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Home | Mises Library | Overeducated, Underemployed

Overeducated, Underemployed

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Tags Free MarketsValue and Exchange

02/02/2001Edmond S. Bradley

As layoffs continue to mount during this economic downturn, let us reflect on the purpose of the labor market, with a special focus on the market I know best: academic music.

A classmate once told me he would become a university faculty member or an overeducated, "bitter, underemployed vagabond." He got his PhD in social psychology; I got my MS in psychology and later a doctorate in music (I'm a composer). Now, he's a professor and I'm a banker.

In an open market, goods and services, and even people, flow to their most valued uses. If petroleum is more valuable as a plastic connector than as gasoline, a free market will move that oil toward becoming a plastic connector.

If you are more valuable--if people are willing to pay more for your time--as an engineer than as a salesman, you'll move toward being an engineer. The high cost of developing skill makes the flow of people less perfect than the flow of products. Goods and services nobody wants tend to disappear.

This is all true under the assumption of a free market; a planned economy can produce goods and services nobody wants.

Hence, I am a banker. Composers since the beginning of the 20th century have written mostly dissonant, tuneless music enjoyed by few outside academia and by relatively few inside. Most of what has been written by trained composers in the last 100 years has been consumed exclusively by academic music composers and theorists.

Names such as Karlheinz Stockhausen, Pierre Boulez, Elliott Carter, Arnold Schoenberg and others are famous among academicians, yet obscure among the public. By contrast, there are composers who have written modern, challenging music the public loves, among whom are Bartok, Stravinsky, and Debussy. It is notable that their music is studied and revered by academics as well as the public.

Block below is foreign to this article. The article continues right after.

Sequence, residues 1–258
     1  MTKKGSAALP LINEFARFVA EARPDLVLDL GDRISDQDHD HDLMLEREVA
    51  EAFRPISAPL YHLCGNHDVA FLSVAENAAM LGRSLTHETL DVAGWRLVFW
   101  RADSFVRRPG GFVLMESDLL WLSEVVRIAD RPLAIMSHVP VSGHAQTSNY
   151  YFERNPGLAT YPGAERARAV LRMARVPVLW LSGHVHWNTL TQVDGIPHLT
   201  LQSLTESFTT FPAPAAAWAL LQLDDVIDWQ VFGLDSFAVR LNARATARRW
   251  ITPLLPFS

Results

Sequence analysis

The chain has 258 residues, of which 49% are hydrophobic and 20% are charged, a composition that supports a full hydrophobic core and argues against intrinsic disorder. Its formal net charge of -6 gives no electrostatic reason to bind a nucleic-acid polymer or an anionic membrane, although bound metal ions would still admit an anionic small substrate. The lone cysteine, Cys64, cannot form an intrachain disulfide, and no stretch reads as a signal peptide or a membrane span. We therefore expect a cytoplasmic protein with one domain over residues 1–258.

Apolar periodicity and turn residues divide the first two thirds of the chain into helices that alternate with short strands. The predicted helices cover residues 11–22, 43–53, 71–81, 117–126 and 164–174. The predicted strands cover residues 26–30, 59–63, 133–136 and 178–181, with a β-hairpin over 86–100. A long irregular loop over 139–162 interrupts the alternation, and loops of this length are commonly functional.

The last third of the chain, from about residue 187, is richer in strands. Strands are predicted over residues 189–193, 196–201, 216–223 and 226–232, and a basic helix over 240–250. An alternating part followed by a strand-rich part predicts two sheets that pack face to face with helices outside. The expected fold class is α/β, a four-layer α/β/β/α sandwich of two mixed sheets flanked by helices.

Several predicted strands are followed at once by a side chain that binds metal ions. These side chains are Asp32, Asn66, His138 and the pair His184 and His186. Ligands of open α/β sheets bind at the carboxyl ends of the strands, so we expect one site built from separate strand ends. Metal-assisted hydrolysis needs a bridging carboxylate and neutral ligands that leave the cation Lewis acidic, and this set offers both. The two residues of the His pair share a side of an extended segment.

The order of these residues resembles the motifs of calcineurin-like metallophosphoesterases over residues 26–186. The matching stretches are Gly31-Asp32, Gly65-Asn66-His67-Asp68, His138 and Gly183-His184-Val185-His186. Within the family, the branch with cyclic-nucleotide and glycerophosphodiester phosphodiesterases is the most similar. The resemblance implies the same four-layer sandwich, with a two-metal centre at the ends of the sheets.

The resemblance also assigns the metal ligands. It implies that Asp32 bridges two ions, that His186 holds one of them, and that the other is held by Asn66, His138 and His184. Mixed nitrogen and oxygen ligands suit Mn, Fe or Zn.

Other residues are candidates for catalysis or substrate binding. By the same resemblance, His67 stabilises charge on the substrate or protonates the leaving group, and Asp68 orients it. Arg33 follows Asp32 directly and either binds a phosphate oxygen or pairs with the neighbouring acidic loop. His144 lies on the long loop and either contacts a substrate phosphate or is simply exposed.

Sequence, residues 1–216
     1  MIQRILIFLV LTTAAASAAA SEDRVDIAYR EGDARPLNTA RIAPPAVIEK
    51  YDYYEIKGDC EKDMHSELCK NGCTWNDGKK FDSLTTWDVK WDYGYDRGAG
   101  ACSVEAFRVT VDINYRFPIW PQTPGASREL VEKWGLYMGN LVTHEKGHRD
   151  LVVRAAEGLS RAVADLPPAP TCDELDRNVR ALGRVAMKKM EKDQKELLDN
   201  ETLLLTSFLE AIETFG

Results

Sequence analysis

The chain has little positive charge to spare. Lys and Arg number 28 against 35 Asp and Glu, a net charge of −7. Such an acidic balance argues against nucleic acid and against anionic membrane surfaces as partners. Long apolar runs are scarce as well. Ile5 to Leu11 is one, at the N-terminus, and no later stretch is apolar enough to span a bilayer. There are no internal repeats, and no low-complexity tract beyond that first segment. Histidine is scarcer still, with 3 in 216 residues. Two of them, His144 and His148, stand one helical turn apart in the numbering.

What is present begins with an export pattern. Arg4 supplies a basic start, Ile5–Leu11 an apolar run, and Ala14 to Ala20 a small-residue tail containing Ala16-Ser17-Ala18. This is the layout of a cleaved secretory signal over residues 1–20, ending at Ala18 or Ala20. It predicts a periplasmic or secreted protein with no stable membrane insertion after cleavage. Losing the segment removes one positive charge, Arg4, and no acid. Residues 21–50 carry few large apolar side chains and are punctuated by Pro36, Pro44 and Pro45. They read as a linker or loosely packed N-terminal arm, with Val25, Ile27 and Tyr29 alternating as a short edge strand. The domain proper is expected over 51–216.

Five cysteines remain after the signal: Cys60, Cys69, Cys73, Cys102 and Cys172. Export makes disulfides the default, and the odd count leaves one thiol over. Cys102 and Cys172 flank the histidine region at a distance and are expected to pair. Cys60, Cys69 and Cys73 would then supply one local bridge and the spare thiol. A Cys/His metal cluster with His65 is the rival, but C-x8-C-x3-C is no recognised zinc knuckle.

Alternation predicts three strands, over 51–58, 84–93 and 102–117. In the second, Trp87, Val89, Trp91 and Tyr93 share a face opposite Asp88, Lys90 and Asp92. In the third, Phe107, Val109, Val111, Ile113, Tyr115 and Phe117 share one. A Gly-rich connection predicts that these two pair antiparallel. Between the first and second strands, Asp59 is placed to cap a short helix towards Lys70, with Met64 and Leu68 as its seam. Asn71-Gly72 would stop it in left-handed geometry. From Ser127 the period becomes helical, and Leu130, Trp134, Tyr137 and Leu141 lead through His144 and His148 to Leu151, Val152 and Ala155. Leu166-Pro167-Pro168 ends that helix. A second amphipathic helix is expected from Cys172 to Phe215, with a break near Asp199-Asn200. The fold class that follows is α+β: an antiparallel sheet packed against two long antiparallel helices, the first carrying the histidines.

Why are universities filled with composers writing music only appreciated a an elite few? Composers in universities don't face the same incentives as those in free markets. Academic composers teach, serve, and in lieu of doing research, compose. They don't have to make music people enjoy; they have to please administrators. They do this by having their compositions performed at conferences at other universities. These conferences are similar to contests in that having your music selected for performance is an honor.

Having works performed at many conferences is a factor in earning tenure. Those who decide which works get performed are themselves academic composers. They select winners based on whatever criteria they want, whatever level of standards they want. Often the selection is a matter of political expedience or philosophy rather than aesthetic criticism: 12-tone serial works enjoyed a hegemony for decades, but even academic composers themselves rarely listen to serial works anymore.

Thus, in the planned economy of a music school, success is determined by criteria unrelated to the value anyone might place on the works produced.

Artificial criteria have sheltered composers for a century but threaten composers today: Administrators want publications, and since composers don't get published--music publishers sell in the free market, so they don't touch academic music--administrators are hiring theorists to replace retiring composers.

Composers and theorists often can teach both theory and composition, but only theorists get published, because there are music theory journals. A side effect is that students lose: You can't be a trained composer without studying theory, but you can be a good theorist without studying composition. Thus, composition students usually suffer more than theory students as the number of composers dwindles.

I'm not bitter about working outside music; I'm saying more of us should. Composers who make music that people don’t like ought not attempt to compose for a living. To write unloved music and expect a salary, tenure, benefits, etc., is comically arrogant. Academics at public universities exemplify this arrogance when they defend their salaries: Public funds must shelter us from the free market, because the public is merely ignorant, even though they, uh, pay our salaries.

One reason public-school composition jobs are drying up is that ambitious deans are imposing publish-or-perish strictures on artists. Another satisfying reason composers like me can't find jobs is a proper free-market phenomenon: Deans are cutting payroll because fewer students are majoring in composition.

Yes, there should be some academic composers keeping alive an understanding of crafted music. It is not incidental that private universities are already doing this perfectly well--Princeton, Yale, and many others.

It is permissible for faculty at private universities to thumb their noses at the people who pay their salaries. They hurt only themselves. But composers at public universities who ridicule the sensibilities of those who involuntarily pay their wages are a different matter, and it is proper to reduce their subsidization.

When the labor market is free and functioning well, it rewards work that serves social and economic, and not merely private, purposes.


Image source: commons.wikimedia.org
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